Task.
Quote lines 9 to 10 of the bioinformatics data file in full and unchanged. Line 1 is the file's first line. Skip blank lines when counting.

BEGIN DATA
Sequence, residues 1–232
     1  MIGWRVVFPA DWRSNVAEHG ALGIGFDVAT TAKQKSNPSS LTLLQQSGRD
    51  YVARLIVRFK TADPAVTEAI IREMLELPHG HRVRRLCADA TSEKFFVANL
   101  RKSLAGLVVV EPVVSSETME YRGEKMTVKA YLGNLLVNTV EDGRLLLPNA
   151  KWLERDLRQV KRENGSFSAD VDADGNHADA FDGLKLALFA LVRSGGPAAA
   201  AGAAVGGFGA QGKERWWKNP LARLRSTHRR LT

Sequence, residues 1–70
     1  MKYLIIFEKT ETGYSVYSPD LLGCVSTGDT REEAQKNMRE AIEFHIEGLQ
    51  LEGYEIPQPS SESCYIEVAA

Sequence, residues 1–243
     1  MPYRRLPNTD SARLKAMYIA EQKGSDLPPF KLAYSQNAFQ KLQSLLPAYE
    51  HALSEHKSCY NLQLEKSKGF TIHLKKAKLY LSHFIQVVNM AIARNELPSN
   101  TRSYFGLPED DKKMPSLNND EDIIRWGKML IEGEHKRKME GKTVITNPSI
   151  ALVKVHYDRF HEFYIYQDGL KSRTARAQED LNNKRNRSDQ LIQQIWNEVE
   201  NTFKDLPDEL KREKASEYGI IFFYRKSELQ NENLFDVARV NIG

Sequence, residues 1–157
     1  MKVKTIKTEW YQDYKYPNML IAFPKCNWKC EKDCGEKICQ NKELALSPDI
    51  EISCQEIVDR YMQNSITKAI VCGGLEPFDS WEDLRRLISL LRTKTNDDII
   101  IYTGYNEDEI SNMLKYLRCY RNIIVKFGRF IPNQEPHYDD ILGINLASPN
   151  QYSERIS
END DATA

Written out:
    51  LEGYEIPQPS SESCYIEVAA

Sequence, residues 1–243